Saturday, January 12, 2013

Cooperstown Goal Accomplished

I will continue to show off some of the goods that I purchased from yesterday's card show.  One of my top goals was to add to my Dodgers vintage collection.  I added two great cards to my collection that I showed in a post yesterday.

Another one of the goals that I had on my list was trying to build up my Hall of Fame vintage collection.  The SoCal Baseball Expo had plenty of vintage tables to chose from.  1971 Topps was the set I was most looking forward to find.

It is so much easier bringing a list and notes to a card show as opposed to trying to remember what you are searching for.  I wrote down a list of categories that I was out to purchase.  Sure enough, I followed my own guide and was able to stick to a collecting plan.

I have mulled over buying this Bob Gibson card on a few occasions.  I love this photograph and am a fan of crowd shots from the baseball eras before my birth.  I am not sure what stadium that Gibson is pitching in, on this card.  The field level seats looks like a big section.  Stadiums now seem to have less seats on the lower concourse.  This stadium that had the privilege of hosting Bob Gibson, seems to have endless rows of people sitting down low.

I enjoy Frank Howard towering over two legends to claim his spot as the top power hitter in 1970.  Harmon Killebrew seems too disappointed by being bested by Howard, that he doesn't even want to look at the camera.

Carl Yastrzemski looks like a thug in his photo.  Yaz appears more pissed about coming in third place and less saddened by this feat.  Yaz also looks like someone that could double as a violent felon.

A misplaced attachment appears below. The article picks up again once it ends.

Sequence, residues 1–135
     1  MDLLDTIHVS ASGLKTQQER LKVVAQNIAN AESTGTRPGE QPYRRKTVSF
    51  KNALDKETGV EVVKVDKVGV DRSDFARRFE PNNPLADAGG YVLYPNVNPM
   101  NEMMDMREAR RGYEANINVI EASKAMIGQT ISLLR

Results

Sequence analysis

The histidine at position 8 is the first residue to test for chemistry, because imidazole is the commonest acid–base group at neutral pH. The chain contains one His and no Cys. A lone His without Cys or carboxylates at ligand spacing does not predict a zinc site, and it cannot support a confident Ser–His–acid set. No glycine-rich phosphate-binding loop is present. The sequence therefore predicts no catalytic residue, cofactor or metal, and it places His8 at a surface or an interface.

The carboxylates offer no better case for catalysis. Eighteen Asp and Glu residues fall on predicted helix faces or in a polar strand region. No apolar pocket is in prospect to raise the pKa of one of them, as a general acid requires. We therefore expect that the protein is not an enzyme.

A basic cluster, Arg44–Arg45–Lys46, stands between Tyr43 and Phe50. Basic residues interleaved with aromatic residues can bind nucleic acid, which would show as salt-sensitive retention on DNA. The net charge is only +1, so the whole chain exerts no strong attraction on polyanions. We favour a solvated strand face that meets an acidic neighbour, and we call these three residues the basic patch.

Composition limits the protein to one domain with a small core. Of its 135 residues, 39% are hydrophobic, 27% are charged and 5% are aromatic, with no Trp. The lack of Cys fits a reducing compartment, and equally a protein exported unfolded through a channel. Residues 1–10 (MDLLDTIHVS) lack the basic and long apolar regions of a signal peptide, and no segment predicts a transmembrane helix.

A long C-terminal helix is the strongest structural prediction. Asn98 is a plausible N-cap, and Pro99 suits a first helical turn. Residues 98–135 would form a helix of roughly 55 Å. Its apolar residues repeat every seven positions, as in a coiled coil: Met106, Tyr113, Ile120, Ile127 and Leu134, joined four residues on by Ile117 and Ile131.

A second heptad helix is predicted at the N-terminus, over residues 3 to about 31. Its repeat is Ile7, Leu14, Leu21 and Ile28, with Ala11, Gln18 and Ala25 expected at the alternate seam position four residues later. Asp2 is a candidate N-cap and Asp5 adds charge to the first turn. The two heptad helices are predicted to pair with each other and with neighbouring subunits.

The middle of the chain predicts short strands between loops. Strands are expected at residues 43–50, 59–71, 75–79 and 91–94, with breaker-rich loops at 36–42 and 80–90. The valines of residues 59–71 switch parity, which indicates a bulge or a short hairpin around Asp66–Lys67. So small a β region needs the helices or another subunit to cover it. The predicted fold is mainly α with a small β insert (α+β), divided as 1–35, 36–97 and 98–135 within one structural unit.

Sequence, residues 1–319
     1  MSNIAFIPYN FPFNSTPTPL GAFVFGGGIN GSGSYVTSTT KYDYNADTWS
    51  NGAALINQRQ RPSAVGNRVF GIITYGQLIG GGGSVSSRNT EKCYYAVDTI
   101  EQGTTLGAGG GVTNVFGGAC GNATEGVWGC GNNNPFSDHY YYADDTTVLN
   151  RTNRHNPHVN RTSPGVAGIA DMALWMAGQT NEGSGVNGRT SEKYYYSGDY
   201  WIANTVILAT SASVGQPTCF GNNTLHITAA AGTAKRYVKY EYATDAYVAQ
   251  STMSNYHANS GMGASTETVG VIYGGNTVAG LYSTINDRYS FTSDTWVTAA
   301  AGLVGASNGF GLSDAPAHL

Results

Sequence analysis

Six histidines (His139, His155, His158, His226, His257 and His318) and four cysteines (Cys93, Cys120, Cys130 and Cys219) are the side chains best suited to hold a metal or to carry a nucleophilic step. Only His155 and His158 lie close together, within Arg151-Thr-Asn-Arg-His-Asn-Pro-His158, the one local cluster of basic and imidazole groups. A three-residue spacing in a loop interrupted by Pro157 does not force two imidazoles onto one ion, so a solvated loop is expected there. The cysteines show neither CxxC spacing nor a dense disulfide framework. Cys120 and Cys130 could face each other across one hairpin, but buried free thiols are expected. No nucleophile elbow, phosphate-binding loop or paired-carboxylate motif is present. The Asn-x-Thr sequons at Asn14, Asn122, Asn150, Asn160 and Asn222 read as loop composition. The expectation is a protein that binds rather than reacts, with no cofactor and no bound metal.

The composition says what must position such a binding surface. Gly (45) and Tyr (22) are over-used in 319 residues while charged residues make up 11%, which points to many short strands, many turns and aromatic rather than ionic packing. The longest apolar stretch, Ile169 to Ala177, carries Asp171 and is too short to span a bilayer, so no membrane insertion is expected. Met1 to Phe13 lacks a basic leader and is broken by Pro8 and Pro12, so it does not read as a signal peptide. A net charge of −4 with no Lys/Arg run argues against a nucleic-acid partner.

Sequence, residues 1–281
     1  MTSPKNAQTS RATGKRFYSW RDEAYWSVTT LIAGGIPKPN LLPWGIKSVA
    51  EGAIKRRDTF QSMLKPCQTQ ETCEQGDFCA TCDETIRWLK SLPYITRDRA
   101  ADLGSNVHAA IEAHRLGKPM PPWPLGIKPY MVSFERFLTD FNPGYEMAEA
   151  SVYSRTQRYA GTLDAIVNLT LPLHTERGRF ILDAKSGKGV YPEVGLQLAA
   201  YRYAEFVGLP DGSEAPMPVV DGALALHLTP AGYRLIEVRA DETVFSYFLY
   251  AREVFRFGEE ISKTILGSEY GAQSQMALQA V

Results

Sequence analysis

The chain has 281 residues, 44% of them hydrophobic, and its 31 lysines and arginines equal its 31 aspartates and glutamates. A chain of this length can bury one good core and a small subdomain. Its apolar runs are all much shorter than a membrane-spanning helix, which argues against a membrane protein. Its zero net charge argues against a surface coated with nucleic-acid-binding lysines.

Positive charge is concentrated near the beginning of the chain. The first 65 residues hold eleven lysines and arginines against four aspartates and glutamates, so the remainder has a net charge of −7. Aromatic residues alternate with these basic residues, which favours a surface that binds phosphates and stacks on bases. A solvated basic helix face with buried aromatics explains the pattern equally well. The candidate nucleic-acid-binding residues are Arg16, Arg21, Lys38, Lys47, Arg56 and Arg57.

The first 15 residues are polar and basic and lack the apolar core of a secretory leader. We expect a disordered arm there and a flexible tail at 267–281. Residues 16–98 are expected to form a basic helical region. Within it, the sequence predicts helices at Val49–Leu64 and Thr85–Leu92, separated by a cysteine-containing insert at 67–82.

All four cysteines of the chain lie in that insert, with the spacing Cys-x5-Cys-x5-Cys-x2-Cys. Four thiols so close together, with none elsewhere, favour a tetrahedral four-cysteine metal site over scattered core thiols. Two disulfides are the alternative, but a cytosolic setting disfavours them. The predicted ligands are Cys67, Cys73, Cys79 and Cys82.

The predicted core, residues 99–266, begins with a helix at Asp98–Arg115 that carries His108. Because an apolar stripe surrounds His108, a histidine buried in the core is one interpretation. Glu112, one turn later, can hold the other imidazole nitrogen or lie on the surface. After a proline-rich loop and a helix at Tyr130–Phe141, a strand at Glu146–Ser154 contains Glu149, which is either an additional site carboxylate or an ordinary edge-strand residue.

The face of Yaz isn't the only picture from the '71 set that kind of creeps me out.  The set has this creeper named Rollie Fingers.  He didn't have a mustache yet and looks like less of a ball player without it.

Fingers, minus his 'stache, resembles a vampire to me.  No wonder, the Oakland A's had so much success in the 70s, they had Count Dracula on their side.

The playing field wasn't level even back in the 70s.

Baseball would be more popular today if Phil Niekro didn't scare off so many fans 40 years ago.  So, many of his cards make me not trusting of his face.  I would not climb into a van with blacked out windows with him even if he offered me an autographed baseball with inscription.

Niekro seems to have mastered having "dead eyes".  The "dead eyes" must have added about 1000 strikeouts to his career total.  Batters must have just froze for a second too long, while gazing into the Niekro Death Stare.

Hoyt Wilhelm is in the Hall of Fame of Vintage Creepy Face.  I chase down his cards, not only for his baseball accolades, but also because he has many disturbing looks.

Wilhelm has more looks than just "blue steel".

In his 1971 card, Wilhelm is bringing it with his grumpy grandpa look.  Grumpy grandpa is pissed to have his photo taking while taking a break on his perch.  He punched the photographer out five minutes after this photo was taken.  It took him that long to unwind from this pose.

Surprisingly, I still have a couple more vintage finds to write about on the Platter.  I may post about those later tonight before work.  Be sure to check back later to see what else I purchased.


Nick said...

Very nice pickups! The '71 set is easily one of my favorites. Love the Gibson!

You know I've got to give some love to Hoyt, too. His '71 is one of the more interesting cards of his out there, given that he played in just three gams with the Cubs.

Roy-Z said...

I love crowd shots from the 70s.

Unfortunately, no one seems to pay attention to crowd shots now, and you end up with 2011 Bowman JP Arencibia, playing in front of maybe 20 people at Skydome.

tourist504 said...

Hoyt looks younger here than on his 1962 Topps. I'm confused....